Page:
My father just couldn’t get the father/son relationship down to a science. I would go months without hearing from him, unless I specifically reached out to him. The truth was, he had a strained relationship with his own parents. In fact, his father, had died the summer after my high school graduation. The only way that I knew he had died, one of my cousins, who I happened to be working with at my summer job, read his obituary in the newspaper, saw my father’s name listed as one of his survivors, and told me. My only memory of my paternal grandfather was reading his obituary in the newspaper! From what my father had told me, his father had married, had three additional children, and forgotten about the “boy” that he had fathered as a teenager. He was also a terrible alcoholic, so he ended up losing that family and dying alone.

After years of living without my father, I didn’t expect much from him. I knew that I could depend upon my mother and grandmother, and this was enough for me. In my whole forty-one years of life, I can only remember two times, when he was actually there for me when I needed him.

A few short months after our reconnection after our ten year hiatus, my mother had to have surgery. I was away at school, two and a half hours away, did not have a car, nor a driver’s’ license, but I wanted to be with her during her surgery . I asked Darnell to take me. I didn’t expect him to say that he could, because anyone who knows my father, knows that he has never had a reliable car, and he was never dependable, but surprisingly he said yes. Darnell arrived on time, and took me to my grandmother’s house, so I could be with my mother during her surgery. Both the car ride, and the pickup went off without a hitch. He brought a cousin along, and the two of them mostly conversed while I watched the scenery from the back. When dealing with an absentee father, there is always the hope that they will get it right, but more than likely, it is always wishful thinking, or at least in my case. Even though the ride to my grandmother’s was unproblematic, returning to Greensboro was a little “dramatic.” My father had agreed to pick me up the following Sunday, around 2pm. The time came, and he was nowhere to be found. All I had was his home phone, and he wasn’t answering when I called. I began to panic! I had already missed a week of class time, and no one was available to return me to school, at least not to take me over such a long distance. Finally, around 6pm that afternoon, four hours after our agreed time, Darnell showed up with a million and one excuses. So as not to alienate or disrespect him, I just let it go. I just wanted to get back to school. Besides, my mother gave him an “earful” on my behalf. When he got back in the car, he said, “Your mama’s still mean.”

Another time Darnell was dependable was the summer before my senior of college. I was in the last week of classes for the second session of summer school. I had changed my major three times during my college tenure, and was behind in my major. Since my senior year consisted of student teaching (demo teaching), there wasn’t room in my schedule to “make up” classes, so I had to attend summer school if I wanted to graduate on time. About two days before classes were scheduled to end, I received a frantic call from my mother stating, my grandmother was bleeding internally, without any medical explanation, was receiving a blood transfusion, and she could possibly die at any moment. I was inconsolable. School was the last thing on my mind. I had to get to my grandmother. I telephoned my father, and he arrived on campus with a cousin. Apparently, my father had lost his license due to multiple DUI’s and unpaid court costs. Instead of getting on the road, someone was going to have to drive us, so I had to wait a few hours before we could get on the road. Cell phones were available, but only the affluent could afford them at this point. For me, so besides my mother’s initial call, I had no idea of my grandmother’s condition. I was distracted and nervous for the entire car ride. When we arrived in my hometown, instead of taking me to the hospital to be with my family, he took me to my grandmother’s house, and I had to wait until my mother arrived home the next morning to receive an update on my grandmother’s condition. Luckily, the doctors discovered her ulcers were inflamed, which caused the internal bleeding, and she was released a few days later, and despite the initial grim diagnosis, she would live on for another two years.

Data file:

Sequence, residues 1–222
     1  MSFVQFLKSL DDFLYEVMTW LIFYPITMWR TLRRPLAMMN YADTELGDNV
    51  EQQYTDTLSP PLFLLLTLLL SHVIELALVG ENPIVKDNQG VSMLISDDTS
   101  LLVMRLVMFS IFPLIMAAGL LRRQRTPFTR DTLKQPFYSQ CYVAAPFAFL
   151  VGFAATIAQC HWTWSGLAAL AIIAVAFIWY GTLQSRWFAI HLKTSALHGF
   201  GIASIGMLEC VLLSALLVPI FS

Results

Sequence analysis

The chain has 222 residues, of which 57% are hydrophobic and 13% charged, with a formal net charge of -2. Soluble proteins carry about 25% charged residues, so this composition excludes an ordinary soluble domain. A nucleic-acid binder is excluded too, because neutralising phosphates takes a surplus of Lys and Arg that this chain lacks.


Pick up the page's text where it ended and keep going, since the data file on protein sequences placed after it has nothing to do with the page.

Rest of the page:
The last memory of my father was in May 1998. It was Tuesday after my college graduation, the previous Saturday. I had secured a room in a rooming house near the campus of the University of North Carolina at Greensboro, and I was walking to get something to eat. My father had this loud ass van; you could hear him a mile before he reached you. As I was walking, he came up behind me on this clunker, and asked did I need a ride. I told him that I was okay. He told me that he had been at my college graduation. I didn’t know if this was true. We hadn’t spoken in months, so there was no conversation about times, dates, etc., but I was too preoccupied to belabor the point. He asked if I needed anything. I told him no. As I watched his van pull away, there was a part of me that knew I would probably never see him again. Call it a sixth sense, or intuition, but there was something in the finality of our goodbyes, which let me know our highly fractured, dysfunctional, and short lived relationship was over. This was 1998, and I have never seen him again.